The amulets from the Eton Myers Collection selected in this study represent a range of particular objects that whether worn during life or made specifically to be placed on an embalmed individual in death,11 communicated ideologies of divine intervention and protection. Some scholars have placed amulets into specific groups,12 whilst others state that the arrangement of amulets into such groups is not something the ancient Egyptians had any notion of.13 What can be grouped together however, are the types of ideas and feelings particular gestures conveyed between the ancient Egyptian people.
Gestures Communicating Divine Intervention and Protection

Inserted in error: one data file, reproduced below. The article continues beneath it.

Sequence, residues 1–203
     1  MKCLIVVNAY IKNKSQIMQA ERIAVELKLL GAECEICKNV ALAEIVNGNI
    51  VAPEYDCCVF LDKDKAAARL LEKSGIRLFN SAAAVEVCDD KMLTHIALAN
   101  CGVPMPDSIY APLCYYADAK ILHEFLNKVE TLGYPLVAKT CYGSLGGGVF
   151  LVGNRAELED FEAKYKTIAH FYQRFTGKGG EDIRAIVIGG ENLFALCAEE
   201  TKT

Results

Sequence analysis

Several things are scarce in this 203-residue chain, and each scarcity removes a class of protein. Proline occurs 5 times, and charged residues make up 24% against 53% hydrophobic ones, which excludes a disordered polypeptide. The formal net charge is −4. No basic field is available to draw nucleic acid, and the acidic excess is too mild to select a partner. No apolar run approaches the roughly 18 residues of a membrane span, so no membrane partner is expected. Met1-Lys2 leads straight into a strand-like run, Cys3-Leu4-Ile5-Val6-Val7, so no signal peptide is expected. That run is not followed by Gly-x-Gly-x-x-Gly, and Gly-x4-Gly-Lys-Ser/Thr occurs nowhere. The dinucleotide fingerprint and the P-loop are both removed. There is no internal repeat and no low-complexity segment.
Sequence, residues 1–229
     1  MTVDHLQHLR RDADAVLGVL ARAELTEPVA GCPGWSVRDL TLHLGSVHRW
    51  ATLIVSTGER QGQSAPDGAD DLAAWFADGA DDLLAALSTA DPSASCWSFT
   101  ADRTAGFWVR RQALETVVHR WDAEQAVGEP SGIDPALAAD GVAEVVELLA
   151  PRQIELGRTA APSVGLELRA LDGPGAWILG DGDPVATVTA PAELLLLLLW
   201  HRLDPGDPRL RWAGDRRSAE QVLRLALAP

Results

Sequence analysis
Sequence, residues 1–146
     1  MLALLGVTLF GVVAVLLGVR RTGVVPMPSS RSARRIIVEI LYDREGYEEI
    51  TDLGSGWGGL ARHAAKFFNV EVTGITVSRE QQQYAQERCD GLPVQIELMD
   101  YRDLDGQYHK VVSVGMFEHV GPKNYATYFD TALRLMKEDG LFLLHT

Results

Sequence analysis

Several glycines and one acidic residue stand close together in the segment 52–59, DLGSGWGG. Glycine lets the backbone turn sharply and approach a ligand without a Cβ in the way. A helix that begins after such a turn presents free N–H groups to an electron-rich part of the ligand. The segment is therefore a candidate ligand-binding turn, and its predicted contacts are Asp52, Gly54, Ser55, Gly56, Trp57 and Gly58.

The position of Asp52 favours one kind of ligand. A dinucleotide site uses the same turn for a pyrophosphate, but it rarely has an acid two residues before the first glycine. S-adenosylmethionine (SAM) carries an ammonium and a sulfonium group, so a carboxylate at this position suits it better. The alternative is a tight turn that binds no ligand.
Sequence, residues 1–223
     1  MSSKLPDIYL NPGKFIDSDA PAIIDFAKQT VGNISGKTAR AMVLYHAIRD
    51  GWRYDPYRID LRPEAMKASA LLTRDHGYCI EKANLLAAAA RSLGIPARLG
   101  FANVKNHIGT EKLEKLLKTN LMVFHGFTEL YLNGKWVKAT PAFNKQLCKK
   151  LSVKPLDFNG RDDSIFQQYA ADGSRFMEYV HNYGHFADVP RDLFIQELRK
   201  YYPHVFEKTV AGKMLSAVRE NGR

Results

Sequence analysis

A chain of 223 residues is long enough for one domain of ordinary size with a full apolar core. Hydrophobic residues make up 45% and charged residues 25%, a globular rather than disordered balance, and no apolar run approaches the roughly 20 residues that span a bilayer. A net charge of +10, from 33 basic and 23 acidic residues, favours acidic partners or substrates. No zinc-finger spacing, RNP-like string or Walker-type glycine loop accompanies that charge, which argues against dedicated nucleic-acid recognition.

One of the more light-hearted pieces of the Eton Myers collection at the University of Birmingham is ECM117, a faience amulet depicting the head of Bes, showing the dwarf sticking out his tongue, a gesture unusual for most deities to adopt (fig. 2). Bes was a deity known for being ‘playfully aggressive’14 and he did indeed have a more menacing side. From the Third Intermediate Period (the approximate date for ECM117) onwards amulets, such as British Museum 61314, show Bes with his tongue poking out and also with sharp teeth bared in a menacing grimace.15 His dwarfish nature is combined with these gestures to create a more threatening persona to ward away any evils from the wearer.16